Effective illumination of streets and roadways requires consideration of many factors.
These include: sufficient light levels to allow easy identification of other vehicles, people and objects; control of light distribution to optimize for the target area and minimize stray light; uniformity of light; adequate contrast; and minimal glare.
In addition, other factors such as efficacy of the light source, maintenance requirements and cost will enter into the decisionmaking for street and roadway lighting installations.
This post will focus on one of these factors – light distribution.
Street lights, mounted on poles, can be located on one or both sides of the road, in the center of the road or a combination of locations depending on the application. The light distribution pattern needs to accommodate the width of the road, the spacing between light poles, the height of the light poles and the shape of the illumination so that it is optimized for the target area.
The Illuminating Engineering Society of North America (IESNA) has developed a classification system that provides a simple method of selecting fixtures that provide a light distribution pattern generally suitable for the location of the light fixture relative to the roadway.
Roadway Light Distribution Classification
Lateral distribution (approximately 15° wide) on two sides of the fixture covers the entire width of the road. This distribution pattern is suitable for fixtures located in the center of the street (or walkway). Type I distribution applies primarily to smaller applications.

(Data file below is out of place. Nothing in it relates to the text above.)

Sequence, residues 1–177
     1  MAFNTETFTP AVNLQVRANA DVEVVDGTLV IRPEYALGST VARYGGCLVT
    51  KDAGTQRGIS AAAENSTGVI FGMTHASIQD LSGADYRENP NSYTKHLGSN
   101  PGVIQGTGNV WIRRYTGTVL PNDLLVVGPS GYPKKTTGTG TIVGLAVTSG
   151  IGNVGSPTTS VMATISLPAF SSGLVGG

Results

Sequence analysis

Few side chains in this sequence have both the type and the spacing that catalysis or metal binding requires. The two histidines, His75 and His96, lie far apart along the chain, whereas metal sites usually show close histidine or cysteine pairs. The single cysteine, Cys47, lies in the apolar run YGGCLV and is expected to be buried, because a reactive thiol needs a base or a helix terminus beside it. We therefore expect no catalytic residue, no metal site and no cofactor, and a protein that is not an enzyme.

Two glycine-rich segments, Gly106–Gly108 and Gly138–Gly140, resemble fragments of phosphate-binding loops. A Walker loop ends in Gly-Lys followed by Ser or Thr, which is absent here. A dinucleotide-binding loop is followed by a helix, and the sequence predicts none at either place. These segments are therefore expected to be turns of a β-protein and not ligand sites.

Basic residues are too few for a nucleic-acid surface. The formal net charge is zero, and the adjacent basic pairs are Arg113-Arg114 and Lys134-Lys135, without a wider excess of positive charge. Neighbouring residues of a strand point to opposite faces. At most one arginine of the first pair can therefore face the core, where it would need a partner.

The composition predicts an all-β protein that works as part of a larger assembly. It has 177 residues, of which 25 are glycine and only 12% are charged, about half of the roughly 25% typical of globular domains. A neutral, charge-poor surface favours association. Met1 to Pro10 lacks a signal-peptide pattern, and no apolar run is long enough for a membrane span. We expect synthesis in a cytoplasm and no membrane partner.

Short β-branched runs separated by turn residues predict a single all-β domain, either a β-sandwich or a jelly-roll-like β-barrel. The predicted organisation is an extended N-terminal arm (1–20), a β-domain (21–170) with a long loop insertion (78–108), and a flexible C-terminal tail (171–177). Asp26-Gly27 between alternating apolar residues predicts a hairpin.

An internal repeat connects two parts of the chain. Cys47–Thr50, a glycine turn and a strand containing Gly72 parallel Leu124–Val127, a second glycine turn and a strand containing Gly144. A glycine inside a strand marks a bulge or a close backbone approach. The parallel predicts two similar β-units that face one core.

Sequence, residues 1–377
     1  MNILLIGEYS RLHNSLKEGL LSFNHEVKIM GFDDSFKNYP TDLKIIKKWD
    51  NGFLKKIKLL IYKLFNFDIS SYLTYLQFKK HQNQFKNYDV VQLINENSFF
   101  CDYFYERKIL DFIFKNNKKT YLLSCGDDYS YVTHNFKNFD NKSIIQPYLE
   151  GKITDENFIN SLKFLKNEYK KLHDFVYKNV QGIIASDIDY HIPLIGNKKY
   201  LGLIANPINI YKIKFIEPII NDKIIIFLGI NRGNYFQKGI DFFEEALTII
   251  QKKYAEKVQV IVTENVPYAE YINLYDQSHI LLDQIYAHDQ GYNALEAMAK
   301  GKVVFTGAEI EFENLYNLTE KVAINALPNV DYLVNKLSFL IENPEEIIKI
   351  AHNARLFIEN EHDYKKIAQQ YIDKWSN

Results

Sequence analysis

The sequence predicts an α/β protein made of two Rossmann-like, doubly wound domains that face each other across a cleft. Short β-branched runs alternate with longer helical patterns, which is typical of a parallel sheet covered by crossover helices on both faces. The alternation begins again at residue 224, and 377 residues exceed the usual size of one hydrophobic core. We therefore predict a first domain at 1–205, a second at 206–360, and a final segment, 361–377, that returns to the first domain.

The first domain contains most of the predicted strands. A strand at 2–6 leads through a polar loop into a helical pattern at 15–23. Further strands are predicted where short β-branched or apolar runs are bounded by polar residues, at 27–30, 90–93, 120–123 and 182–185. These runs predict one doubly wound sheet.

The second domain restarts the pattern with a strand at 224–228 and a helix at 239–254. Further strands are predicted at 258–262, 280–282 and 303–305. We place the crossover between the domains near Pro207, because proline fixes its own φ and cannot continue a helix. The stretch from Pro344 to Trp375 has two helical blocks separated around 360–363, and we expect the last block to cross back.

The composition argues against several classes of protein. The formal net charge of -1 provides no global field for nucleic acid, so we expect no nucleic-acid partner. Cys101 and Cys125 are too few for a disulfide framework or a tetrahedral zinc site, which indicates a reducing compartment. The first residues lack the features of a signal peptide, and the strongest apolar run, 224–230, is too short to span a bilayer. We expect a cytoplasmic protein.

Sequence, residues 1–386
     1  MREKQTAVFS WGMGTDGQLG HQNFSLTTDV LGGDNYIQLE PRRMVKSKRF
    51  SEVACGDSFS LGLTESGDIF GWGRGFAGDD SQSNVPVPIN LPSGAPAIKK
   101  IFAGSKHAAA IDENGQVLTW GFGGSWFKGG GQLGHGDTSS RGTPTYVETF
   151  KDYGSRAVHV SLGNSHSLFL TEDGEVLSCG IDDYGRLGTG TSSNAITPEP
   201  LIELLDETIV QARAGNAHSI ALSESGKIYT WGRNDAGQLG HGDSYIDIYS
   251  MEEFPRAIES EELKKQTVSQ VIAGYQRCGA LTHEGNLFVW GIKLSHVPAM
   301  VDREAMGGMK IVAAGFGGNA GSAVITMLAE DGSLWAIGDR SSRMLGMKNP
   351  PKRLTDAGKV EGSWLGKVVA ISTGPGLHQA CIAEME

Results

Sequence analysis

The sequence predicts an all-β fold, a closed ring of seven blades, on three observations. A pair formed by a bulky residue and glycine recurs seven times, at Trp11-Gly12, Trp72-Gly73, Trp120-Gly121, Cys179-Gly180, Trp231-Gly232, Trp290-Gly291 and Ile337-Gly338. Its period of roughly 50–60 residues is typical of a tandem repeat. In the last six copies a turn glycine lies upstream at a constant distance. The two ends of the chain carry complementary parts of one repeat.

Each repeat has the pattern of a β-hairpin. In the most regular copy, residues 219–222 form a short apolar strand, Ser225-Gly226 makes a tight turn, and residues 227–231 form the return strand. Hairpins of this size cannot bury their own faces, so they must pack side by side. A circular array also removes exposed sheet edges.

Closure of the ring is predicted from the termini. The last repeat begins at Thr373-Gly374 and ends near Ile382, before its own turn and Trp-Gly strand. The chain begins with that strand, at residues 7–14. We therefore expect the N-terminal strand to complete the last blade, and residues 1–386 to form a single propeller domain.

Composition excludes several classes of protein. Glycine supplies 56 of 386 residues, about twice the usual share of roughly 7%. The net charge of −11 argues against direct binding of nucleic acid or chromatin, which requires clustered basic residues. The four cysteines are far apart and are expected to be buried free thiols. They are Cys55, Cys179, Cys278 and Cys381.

Lateral distribution (approximately 25° wide) is used for relatively narrow roadways when the fixture is located on one side of the street. It provides a long, narrow pattern useful for side streets and wide walkways.
Lateral distribution (approximately 40° wide) applies primarily to roadways requiring a wider, larger illumination pattern than either Type I or Type II. This distribution is used with fixtures located to the side of the roadway with light projecting outward to fill the entire target area.
Lateral distribution (approximately 60° wide) produces an oval light pattern and is generally used for wide roadways with the fixtures mounted on along the side of the road.
A circular distribution pattern with uniform light density throughout, Type V distribution is meant for fixtures mounted in the center of an intersection or in the median strip of a wide roadway.
Manufacturers of roadway / street / area light fixtures should provide, in the specification sheet, the light distribution types available for a particular fixture. This applies to both traditional HID light source fixtures as well as LED.
While many other considerations will enter into the final decision regarding fixture selection, the light distribution pattern required for a street lighting application, whether new or retrofit, must be determined at the outset.
For best practice guidelines on all aspects of roadway lighting, see ANSI/IES publication RP-8-14
Distribution diagrams above, from IESNA.
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